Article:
Ultimately, what we have here is a hard film to sum up. There’s solid talent up and down the line on both sides of the camera. The screenplay is executed very well by deeply talented individuals. The CGI is a bit dodgy here and there, but the real stinging point that damages the film is that there’s nothing new to be had here. From the first film, we knew all of this story, and more importantly, the end results of it all. The screenplay, while well conceived, offers nothing that we weren’t already told two films ago. It simply takes that spoken back story, and shows it to us. No new layers are added to the Underworld mythology, and no new perspective can be really had by watching this film. Maybe there’s a little more emotional context seeing who Lucian was, and then, who he came to be centuries later. So, you see it’s not a bad movie at all, but it just is a generally unnecessary one. You can take it or leave it because, quite frankly, there’s very little to gain if you’ve seen the first two Underworld movies. I like a good, solid back story to be fleshed out, but if a prequel isn’t going to flesh anything out to show us something new to the storyline, it fundamentally fails. That could launch me into a whole different rant about another film franchise’s prequels, but who really has the time for that sordid mountain of madness?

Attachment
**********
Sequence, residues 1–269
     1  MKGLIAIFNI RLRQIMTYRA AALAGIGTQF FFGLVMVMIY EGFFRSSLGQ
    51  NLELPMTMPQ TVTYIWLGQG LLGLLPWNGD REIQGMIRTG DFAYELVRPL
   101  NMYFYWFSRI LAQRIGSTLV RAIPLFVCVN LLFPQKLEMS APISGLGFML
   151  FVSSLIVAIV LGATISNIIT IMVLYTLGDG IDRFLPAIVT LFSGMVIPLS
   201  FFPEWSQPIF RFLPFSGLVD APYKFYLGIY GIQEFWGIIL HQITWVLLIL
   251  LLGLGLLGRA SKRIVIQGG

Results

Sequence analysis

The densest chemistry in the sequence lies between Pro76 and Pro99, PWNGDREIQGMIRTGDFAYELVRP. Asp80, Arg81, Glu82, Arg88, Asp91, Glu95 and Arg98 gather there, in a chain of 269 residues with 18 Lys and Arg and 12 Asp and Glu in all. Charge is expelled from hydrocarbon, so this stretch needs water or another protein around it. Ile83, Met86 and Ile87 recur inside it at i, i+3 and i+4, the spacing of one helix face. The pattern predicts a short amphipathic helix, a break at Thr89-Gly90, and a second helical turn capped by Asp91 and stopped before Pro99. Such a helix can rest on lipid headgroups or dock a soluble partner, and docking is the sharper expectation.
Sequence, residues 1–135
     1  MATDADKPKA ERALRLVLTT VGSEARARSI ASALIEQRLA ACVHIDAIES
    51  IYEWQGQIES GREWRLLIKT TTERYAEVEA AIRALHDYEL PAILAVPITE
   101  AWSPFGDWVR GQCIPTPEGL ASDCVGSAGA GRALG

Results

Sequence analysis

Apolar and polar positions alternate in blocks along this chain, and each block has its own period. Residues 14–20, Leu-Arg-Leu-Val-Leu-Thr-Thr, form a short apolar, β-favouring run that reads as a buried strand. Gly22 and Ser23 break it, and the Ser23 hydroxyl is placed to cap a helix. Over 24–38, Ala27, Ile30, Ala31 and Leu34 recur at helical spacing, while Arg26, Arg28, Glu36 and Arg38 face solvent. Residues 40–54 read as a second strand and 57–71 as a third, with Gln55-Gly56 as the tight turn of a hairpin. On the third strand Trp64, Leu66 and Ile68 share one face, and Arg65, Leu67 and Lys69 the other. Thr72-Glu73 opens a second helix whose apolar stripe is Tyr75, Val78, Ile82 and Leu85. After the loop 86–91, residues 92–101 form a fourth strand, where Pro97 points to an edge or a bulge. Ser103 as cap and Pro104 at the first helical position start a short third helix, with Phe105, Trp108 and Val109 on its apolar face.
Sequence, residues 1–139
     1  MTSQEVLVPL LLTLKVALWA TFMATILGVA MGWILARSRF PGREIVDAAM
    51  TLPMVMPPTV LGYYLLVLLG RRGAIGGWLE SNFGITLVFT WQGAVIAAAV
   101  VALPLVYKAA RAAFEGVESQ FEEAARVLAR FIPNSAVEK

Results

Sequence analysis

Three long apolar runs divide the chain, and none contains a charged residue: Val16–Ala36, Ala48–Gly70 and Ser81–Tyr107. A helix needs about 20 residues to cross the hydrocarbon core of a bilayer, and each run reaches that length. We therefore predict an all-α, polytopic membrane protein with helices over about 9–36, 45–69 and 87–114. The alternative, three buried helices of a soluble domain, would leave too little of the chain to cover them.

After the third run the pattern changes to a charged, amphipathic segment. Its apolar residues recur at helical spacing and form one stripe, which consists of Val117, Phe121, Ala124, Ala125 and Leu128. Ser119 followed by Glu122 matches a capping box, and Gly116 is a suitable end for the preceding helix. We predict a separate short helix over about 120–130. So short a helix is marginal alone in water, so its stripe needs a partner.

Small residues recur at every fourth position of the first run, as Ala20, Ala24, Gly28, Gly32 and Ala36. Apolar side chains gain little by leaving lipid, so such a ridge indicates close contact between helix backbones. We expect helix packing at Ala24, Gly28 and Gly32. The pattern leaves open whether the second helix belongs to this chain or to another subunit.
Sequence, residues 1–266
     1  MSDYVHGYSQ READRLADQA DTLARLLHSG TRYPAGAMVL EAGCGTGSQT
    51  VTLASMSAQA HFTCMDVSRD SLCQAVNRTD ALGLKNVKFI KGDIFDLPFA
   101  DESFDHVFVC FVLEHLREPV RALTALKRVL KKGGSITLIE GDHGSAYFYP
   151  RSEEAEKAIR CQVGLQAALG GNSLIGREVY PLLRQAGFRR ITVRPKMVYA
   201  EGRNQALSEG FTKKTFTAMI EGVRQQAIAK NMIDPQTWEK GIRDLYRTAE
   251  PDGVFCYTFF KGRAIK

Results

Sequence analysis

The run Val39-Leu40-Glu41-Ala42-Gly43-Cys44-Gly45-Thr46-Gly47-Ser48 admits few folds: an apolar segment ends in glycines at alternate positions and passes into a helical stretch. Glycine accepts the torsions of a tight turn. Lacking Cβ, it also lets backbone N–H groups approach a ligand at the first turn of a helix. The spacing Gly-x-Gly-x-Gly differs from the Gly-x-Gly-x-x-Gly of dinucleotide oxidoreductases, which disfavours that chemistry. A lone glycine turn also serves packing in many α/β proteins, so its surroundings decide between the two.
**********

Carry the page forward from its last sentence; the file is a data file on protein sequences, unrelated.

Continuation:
For whatever reason, I chose to give this sequel a fair chance despite my very negative reaction to the first film. It might’ve been my extreme absence from seeing new horror films in the last few years, or just that it may have seemed a bit more developed than the first (by way of trailers and such). Whatever the case, on its opening theatrical weekend I caught a matinee showing of it, and yes, I actually garnered some enjoyment from it. Before I get into the critique, let’s familiarize you with the premise of Underworld: Evolution.
Eight centuries ago
unknown to humanity, a blood feud raged
between a ruling class of vampires
and a rebellious legion of werewolves
known as lycans.
Legend tells that the war began with two brothers,
the immortal sons of Alexander Corvinus
Markus, bitten by bat,
became the blood leader of the vampires.
William, bitten by wolf,
became the first and most powerful lycan.